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Theory of Nanostructured Materials Capabilities & Tools

Major Capabilities: Instruments and Labs

Charge transport

We study the linear-response and out-of-equilibrium transport properties of nanoscale junctions and interfaces using in-house scattering-state and Green's function frameworks in synchrony with density-functional theory and many-body perturbation theory. The combination of scattering-state approaches with high-level electronic structure methods enables quantitative understanding and predictive studies of the relationship between structure, local chemistry, and electron-electron interactions in nanoscale systems and macroscopic quantities such as conductance, current, Seebeck coefficient, and photocurrent.

Many-body perturbation theory and TDDFT

We develop and use many-body perturbation theory (GW/BSE) calculations as implemented in the BerkeleyGW package (berkeleygw.org). We study excited states within complex materials, such as complex organic donor-bridge-acceptor molecules to understand photon-induced charge separation at donor/acceptor interfaces; the nature and energy of excitations within organic crystals and at organic/organic interfaces; energy level alignment for molecules adsorbed on metal interfaces, relevant to electronic transmission through single-molecule junctions; and energy level alignment at molecule/inorganic semiconductor interfaces for optimizing photocatalytic activity.

Van der Waals and range-separated hybrid functionals

We work to develop, understand the limitations of, and apply new functionals, such as range-separated hybrids and van der Waals density functionals, for understanding and predicting spectroscopy and weak, non-covalent interactions in molecular and condensed-phase systems. In addition, we develop pseudopotentials supporting these new functionals, which improves their accuracy and transferability. Applications include organic donor-acceptor interfaces relevant to solar cells, CO2 capture in metal-organic frameworks, and molecular adsorbates on metal surfaces.

Core-level spectroscopy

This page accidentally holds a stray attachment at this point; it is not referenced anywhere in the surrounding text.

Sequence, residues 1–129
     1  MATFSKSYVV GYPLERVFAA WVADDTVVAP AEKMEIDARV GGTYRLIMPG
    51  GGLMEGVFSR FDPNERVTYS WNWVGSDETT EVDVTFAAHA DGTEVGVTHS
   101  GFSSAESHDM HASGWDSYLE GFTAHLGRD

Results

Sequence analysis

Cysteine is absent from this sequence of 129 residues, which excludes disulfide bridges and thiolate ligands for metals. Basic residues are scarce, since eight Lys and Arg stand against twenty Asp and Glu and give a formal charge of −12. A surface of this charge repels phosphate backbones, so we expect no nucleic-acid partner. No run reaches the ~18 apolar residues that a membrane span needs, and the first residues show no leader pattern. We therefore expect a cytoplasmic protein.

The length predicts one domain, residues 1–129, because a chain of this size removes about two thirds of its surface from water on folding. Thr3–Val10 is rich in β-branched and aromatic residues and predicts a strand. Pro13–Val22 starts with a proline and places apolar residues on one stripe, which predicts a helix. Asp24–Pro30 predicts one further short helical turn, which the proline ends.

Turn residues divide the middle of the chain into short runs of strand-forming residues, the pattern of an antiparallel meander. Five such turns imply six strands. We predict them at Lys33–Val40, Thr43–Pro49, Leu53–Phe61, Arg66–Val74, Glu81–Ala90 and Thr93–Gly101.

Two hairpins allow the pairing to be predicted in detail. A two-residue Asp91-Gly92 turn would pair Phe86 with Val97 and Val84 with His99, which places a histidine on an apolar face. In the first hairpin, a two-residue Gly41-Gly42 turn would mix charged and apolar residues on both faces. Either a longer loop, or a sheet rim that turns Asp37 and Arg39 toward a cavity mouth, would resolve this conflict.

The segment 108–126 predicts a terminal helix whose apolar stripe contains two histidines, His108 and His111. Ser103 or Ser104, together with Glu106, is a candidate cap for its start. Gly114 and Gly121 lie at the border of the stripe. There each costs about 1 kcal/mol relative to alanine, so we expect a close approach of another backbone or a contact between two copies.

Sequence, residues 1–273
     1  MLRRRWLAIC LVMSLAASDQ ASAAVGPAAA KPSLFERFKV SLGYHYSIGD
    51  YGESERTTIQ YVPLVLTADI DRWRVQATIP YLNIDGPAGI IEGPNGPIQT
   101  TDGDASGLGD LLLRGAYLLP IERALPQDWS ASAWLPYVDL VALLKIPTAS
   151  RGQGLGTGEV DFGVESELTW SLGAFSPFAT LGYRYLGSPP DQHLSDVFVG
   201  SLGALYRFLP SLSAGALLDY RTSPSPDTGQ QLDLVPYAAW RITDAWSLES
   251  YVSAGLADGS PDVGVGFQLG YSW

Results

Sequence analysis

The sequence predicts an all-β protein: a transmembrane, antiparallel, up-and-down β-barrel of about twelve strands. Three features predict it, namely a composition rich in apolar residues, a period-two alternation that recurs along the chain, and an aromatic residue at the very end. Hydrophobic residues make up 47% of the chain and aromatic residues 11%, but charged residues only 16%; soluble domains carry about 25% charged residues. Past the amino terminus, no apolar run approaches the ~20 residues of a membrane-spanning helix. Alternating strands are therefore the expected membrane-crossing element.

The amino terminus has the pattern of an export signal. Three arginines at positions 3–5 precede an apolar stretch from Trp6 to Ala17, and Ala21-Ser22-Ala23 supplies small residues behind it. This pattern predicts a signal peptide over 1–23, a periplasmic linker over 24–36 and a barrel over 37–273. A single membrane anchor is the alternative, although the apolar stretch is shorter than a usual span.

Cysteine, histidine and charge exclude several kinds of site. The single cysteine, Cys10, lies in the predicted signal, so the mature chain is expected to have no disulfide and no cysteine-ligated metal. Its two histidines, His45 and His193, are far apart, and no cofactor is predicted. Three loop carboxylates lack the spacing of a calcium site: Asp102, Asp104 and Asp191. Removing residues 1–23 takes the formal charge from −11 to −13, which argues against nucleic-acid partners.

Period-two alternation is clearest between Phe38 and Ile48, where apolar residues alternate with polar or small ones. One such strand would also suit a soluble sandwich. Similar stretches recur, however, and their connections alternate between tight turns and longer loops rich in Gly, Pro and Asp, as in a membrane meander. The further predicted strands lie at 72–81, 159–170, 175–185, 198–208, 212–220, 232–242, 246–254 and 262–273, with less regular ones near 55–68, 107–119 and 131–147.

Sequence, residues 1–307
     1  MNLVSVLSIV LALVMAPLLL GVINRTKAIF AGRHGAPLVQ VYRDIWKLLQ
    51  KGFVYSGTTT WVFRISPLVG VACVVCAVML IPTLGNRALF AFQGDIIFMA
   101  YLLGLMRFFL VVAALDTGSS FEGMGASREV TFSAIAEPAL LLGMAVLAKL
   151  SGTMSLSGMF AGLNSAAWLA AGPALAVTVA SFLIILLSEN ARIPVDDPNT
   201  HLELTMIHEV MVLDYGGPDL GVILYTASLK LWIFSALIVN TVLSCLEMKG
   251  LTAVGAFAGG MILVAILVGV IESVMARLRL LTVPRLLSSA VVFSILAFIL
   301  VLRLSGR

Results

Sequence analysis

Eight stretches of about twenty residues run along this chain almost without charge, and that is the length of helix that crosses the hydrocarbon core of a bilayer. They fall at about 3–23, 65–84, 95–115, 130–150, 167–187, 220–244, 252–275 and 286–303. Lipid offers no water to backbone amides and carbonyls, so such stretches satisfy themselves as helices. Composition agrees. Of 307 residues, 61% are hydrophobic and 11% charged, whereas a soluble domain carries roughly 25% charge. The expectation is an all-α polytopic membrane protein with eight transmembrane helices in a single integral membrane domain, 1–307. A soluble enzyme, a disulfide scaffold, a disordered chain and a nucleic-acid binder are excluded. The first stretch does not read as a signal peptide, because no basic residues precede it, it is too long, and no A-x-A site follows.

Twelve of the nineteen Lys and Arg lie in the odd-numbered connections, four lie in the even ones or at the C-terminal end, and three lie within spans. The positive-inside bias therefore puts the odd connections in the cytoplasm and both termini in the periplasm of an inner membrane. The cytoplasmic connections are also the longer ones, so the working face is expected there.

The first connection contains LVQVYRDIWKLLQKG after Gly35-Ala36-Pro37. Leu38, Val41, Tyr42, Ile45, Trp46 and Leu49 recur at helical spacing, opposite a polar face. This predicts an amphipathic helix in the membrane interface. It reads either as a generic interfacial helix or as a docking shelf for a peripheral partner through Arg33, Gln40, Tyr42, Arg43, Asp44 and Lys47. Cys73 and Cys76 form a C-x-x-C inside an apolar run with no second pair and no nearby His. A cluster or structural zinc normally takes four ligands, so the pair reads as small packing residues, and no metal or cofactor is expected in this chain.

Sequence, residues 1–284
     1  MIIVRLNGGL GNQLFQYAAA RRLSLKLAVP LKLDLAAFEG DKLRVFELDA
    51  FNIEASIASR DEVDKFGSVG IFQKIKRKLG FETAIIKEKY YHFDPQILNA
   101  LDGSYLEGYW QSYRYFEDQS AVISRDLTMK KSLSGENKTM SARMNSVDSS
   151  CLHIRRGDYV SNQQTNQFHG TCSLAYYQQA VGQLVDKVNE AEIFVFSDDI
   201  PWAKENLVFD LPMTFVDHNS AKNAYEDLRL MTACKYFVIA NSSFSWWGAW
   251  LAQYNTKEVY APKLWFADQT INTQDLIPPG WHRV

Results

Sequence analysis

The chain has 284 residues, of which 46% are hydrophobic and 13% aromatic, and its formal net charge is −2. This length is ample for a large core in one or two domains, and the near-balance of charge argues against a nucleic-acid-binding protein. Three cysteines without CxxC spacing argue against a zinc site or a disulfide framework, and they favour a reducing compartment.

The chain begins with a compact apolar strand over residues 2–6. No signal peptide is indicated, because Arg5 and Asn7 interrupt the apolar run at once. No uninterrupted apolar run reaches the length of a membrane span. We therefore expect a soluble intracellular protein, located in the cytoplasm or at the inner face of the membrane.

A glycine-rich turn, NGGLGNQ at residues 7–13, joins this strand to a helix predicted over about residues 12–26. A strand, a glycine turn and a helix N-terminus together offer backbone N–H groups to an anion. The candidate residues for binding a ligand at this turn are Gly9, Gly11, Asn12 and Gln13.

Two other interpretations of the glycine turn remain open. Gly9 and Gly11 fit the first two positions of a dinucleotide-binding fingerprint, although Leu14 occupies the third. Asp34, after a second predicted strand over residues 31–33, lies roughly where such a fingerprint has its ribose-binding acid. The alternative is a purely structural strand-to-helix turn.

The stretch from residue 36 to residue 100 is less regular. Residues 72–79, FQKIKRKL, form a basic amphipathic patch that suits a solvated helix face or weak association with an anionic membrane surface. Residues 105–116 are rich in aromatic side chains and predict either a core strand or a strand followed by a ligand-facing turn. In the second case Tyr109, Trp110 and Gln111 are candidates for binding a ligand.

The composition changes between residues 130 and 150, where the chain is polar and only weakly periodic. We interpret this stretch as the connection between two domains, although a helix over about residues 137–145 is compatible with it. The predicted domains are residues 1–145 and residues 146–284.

We develop first-principles theoretical tools for modeling core-level spectroscopies such as X-ray absorption spectroscopy (XAS) and X-ray photo-emission spectroscopy (XPS). Theoretical simulations play a key role in the interpretation of X-ray spectroscopic data obtained at modern light sources, such as the Advanced Light Source. Our simulations are based on our excited-electron and Core Hole (XCH) approach implemented on top of a density functional theory framework within an efficient electronic structure interpolation scheme combined with molecular dynamics sampling. Thus far, our XCH approach has been successfully employed to study soft X-ray K-edge spectra of isolated molecules, molecular crystals, surfaces, and various condensed phases. Current applications span a wide range of systems such as materials for green energy including battery materials and metal-organic frameworks, rare-earth/actinide (f-electron) co-ordination complexes, and bio-molecules in aqueous environments. In order to make our theoretical techniques accessible to the broader User community, we are actively developing web-based tools for first-principles calculations as part of the NERSC science gateway program.

Statistical mechanical modeling of phase change and self-assembly

We study nanoscale pattern formation, self-assembly and phase transformations using the tools and techniques of statistical mechanics. Our work includes the development of coarse-grained models designed to identify the effect on self-assembly of specific physical mechanisms, independent of the molecular origin of such mechanisms, as well as the development of multiscale models that treat molecular detail of specific experiments. Recent work includes the development of multiscale models to understand molecular self-assembly at surfaces, and the study of self-assembly of multicomponent structures "far" from equilibrium, where we lack predictive theoretical tools.

Optical and nonlinear spectroscopy